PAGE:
Reject the Instructional Level Theory! Really?

There were three shifts with the Common Core:

  1. Use of complex text and interaction with academic language.
  2. Reading, writing and speaking grounded in evidence of the text.
  3. Increase of Non-Fiction text.

 

To review, when we use the term complex text we are referring to text that challenges the student and both quantitative (the mathematical reading level) and qualitative (quality of text and structure) factors have been considered.  In addition, the reader, task and instructional strategies used must be considered.

 

With the three shifts came the controversy of whether we should be using the guided reading theory of using instructional text for small group reading or providing a more rigorous text where students needed to “grapple with the language and structure.  The idea behind Guided Reading is that a teacher works with a small group of students with similar reading abilities and behaviors and provides support. The text is easy enough that students can read the text easily with the support from the teacher.   The Common Core Shift opposes this idea by proposing an increase in the level of text.  The Common Core Shift encourages the student to struggle with the text while the teacher adjusts instruction and strategy use (scaffolding) to ensure the child can reach text meaning.

 

If we think of the contrast between these two ideas—you can see the importance of the reader and the teacher which are crucial to the process of growth in reading. Knowing the reader and the strategies that they know and apply while reading can change what type of text the teacher can give the student. For example:  If a child is good at figuring out context clues, the child does not require as much front loading by the teacher and the text can include more complex language.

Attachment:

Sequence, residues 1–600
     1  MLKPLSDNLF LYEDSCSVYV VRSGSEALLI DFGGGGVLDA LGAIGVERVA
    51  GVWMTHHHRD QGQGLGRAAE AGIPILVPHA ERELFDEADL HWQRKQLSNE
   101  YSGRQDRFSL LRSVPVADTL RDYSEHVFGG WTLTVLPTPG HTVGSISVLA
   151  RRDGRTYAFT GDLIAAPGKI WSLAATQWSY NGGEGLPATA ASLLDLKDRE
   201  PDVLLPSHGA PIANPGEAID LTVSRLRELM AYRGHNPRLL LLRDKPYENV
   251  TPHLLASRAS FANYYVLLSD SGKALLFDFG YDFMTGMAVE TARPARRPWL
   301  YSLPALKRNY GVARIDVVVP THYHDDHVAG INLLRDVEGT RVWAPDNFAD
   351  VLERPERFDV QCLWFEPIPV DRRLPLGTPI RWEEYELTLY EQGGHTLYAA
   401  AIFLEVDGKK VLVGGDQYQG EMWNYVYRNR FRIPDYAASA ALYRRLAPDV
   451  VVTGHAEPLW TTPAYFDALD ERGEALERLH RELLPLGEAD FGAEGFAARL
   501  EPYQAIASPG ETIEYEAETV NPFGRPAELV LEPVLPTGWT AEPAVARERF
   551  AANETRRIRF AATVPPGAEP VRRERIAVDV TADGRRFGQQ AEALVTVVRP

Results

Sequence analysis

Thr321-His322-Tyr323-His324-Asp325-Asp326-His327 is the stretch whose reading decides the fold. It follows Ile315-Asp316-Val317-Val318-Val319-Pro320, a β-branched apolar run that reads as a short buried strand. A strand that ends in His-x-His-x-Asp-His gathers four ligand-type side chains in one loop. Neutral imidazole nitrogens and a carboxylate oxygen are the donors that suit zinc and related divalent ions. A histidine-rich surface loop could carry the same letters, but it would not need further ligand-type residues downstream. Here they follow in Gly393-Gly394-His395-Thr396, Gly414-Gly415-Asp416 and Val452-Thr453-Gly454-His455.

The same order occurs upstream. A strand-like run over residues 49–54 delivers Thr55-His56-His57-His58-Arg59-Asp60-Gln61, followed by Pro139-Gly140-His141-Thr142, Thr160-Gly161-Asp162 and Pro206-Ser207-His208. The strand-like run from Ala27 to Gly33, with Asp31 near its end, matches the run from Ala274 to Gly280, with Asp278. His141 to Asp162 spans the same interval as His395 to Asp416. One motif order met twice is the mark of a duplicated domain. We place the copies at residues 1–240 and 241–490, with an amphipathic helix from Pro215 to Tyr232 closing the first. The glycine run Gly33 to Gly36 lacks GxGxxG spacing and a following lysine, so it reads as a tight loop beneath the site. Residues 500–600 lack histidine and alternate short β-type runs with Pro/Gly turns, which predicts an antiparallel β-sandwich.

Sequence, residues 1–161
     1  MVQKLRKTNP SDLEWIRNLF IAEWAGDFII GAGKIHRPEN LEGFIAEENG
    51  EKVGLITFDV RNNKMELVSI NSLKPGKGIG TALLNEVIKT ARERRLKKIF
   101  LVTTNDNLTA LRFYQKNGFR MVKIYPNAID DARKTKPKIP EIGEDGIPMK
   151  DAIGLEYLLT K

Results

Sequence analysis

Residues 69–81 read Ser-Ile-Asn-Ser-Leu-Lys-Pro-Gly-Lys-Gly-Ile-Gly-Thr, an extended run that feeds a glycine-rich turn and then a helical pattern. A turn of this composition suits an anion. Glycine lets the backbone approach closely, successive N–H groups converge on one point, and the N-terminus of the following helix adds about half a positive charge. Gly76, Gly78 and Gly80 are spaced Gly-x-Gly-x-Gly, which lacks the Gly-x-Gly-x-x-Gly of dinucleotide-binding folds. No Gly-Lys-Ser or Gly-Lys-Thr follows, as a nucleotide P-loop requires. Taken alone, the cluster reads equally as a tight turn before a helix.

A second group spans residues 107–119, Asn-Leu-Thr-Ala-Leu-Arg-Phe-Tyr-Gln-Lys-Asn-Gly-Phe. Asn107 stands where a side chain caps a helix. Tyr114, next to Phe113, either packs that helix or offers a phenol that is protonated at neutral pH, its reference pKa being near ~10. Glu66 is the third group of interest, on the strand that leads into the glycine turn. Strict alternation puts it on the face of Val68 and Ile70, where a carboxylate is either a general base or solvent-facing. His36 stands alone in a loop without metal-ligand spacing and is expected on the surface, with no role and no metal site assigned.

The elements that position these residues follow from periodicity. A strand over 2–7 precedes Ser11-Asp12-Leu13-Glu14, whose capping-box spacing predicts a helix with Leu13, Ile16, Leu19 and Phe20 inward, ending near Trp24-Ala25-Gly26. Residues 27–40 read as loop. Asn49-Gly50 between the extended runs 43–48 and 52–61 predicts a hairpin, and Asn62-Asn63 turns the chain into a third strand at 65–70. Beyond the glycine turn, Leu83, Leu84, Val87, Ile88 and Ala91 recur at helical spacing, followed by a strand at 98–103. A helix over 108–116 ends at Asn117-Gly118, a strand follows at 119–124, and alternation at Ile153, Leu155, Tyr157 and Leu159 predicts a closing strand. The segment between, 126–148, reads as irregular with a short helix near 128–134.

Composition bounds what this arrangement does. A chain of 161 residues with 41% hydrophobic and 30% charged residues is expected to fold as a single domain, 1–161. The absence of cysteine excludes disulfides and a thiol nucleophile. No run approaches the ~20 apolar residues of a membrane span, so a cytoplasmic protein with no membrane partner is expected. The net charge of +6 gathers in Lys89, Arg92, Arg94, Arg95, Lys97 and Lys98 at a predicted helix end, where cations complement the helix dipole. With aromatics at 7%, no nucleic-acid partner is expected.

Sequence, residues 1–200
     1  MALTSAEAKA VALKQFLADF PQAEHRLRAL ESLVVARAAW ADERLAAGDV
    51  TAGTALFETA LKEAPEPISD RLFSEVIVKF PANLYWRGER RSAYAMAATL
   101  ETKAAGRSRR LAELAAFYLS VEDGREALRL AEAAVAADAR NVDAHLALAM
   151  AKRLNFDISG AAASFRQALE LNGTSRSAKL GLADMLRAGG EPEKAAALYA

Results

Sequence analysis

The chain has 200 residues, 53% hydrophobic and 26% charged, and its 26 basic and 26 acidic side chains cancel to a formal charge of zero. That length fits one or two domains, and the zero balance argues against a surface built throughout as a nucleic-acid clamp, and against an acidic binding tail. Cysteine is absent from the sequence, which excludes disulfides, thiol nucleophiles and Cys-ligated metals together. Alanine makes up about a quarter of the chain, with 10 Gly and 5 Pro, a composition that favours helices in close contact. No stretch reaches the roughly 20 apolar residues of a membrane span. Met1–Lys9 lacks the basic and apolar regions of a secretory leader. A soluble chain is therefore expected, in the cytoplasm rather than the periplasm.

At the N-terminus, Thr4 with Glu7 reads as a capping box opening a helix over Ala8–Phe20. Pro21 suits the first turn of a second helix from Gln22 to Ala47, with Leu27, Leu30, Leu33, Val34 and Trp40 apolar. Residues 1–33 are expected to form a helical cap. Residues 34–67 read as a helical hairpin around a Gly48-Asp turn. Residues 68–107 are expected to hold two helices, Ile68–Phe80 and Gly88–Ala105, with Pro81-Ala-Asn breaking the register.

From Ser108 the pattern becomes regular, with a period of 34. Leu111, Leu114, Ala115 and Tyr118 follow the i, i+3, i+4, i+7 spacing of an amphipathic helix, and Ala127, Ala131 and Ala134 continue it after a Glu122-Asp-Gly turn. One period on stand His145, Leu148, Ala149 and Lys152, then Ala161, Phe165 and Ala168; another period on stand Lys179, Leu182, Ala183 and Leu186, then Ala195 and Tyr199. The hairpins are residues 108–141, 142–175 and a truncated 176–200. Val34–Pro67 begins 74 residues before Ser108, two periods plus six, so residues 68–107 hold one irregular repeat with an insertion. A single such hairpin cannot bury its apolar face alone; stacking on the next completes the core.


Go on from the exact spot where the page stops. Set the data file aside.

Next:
In a research study published by the Journal of Educational Research in December 2000, researchers studied the optimal difficulty level for improving poor readers’ skills.  They studied children below grade level in reading and recorded fluency (rate), word recognition, and comprehension.  The readers were divided into three groups.  The first group was given books at their instructional level, the second were given books two grade levels above their instructional level and the third group was given books four years above their instructional level. All of these students regardless of their group were paired with a strong and proficient reader for shared reading time fifteen minutes per day for five months.

 

The study found that the group paired with text two grade levels above their instructional level made the most growth and gain.

 

My BIG Takeaways:

 

  • Guided Reading groups should be leveled higher than the instructional level to stretch the student since they are receiving instructional support from the teacher.
  • Independent reading should be done on a text where the student has comprehension at about 80%.  This allows the text to be a bit harder than is comfortable but not TOO difficult.